Poetry in the city.
[Text and photos by Mayank Austen Soofi]
The Delhi Walla arranged to meet Bengali poet Taslima Nasreen on the lane that runs behind the Regal Cinema building in the colonial-era Connaught Place.
An exiled Bangladeshi citizen, Ms Nasreen lives in Europe. She is in India without a visa. In 2008, she was forced to leave this country following protests by Islamic extremists.
On a secret visit to the capital, Ms Nasrin requests not to be photographed. Instead, she asks me to focus the lens on a young woman in yellow who is walking alone on the road. “I dedicate my poem to her,” she says before sharing it with us.
You’re a girl
and you’d better not forget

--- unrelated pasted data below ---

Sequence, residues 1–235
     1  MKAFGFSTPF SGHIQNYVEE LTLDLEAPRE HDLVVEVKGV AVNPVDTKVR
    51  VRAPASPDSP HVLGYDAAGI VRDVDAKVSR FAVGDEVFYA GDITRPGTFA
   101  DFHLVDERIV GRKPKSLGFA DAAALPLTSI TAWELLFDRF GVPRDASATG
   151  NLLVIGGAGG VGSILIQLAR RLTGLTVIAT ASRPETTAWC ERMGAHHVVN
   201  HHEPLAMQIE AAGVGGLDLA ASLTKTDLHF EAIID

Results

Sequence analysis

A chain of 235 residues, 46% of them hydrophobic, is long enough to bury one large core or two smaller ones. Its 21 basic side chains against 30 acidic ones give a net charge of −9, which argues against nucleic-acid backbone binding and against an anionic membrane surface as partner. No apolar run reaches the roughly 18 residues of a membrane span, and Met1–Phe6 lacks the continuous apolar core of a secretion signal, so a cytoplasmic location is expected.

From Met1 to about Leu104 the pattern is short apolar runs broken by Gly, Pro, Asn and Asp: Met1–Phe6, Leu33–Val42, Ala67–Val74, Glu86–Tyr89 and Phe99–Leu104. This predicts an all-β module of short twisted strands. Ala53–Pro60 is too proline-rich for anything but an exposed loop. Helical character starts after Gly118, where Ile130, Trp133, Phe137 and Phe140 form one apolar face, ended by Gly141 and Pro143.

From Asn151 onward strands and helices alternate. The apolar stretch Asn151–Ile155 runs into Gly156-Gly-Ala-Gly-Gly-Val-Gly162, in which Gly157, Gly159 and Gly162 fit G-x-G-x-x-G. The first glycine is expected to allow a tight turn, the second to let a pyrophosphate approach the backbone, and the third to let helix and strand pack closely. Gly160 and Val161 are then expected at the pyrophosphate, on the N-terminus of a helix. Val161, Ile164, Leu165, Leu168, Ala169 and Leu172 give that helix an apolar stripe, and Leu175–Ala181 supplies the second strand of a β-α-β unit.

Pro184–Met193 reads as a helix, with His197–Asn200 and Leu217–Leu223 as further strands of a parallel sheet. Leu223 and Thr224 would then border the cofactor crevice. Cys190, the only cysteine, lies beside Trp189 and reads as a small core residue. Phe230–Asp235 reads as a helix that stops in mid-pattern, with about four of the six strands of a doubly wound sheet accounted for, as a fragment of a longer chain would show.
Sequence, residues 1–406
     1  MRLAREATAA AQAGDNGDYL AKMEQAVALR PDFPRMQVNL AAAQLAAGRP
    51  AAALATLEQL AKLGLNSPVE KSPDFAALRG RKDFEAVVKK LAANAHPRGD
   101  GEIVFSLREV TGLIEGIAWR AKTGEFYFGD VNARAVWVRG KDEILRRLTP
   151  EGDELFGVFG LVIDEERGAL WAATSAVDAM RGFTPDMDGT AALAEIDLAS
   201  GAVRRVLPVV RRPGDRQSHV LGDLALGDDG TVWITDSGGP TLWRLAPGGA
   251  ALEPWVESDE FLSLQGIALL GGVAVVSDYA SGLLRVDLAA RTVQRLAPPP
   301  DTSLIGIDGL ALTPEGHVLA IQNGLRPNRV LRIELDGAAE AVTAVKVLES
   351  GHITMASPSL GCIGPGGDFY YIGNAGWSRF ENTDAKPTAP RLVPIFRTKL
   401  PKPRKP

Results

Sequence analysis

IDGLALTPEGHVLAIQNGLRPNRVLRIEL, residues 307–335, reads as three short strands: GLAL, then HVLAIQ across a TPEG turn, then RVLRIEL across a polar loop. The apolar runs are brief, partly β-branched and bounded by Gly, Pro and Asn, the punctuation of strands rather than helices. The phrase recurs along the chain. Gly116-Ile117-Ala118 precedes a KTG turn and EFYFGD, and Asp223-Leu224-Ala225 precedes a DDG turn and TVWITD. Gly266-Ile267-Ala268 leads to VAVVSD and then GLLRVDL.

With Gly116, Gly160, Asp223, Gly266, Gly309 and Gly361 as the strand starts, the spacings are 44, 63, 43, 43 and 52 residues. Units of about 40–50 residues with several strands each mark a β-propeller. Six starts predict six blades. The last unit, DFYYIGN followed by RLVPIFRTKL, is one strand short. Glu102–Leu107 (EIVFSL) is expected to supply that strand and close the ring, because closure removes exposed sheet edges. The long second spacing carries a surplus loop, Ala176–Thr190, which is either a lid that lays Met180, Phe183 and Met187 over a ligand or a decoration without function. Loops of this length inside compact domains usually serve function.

that when you step over the threshold of your house
men will look askance at you.
When you keep on walking down the lane,
men will follow you and whistle.
When you cross the lane and step onto the main road
men will revile you and call you a loose woman.
If you’ve got no character
you’ll turn back,
And if not
you’ll keep on going,
as you’re going now.
[Translated from the Bengali by Carolyne Wright and Farida Sarkar.]
As part of the series Delhi’s Bandaged Moments, The Delhi Walla is searching for poets in the city. If you are one, please contact me at email@example.com.
Poet Taslima Nasreen’s dedication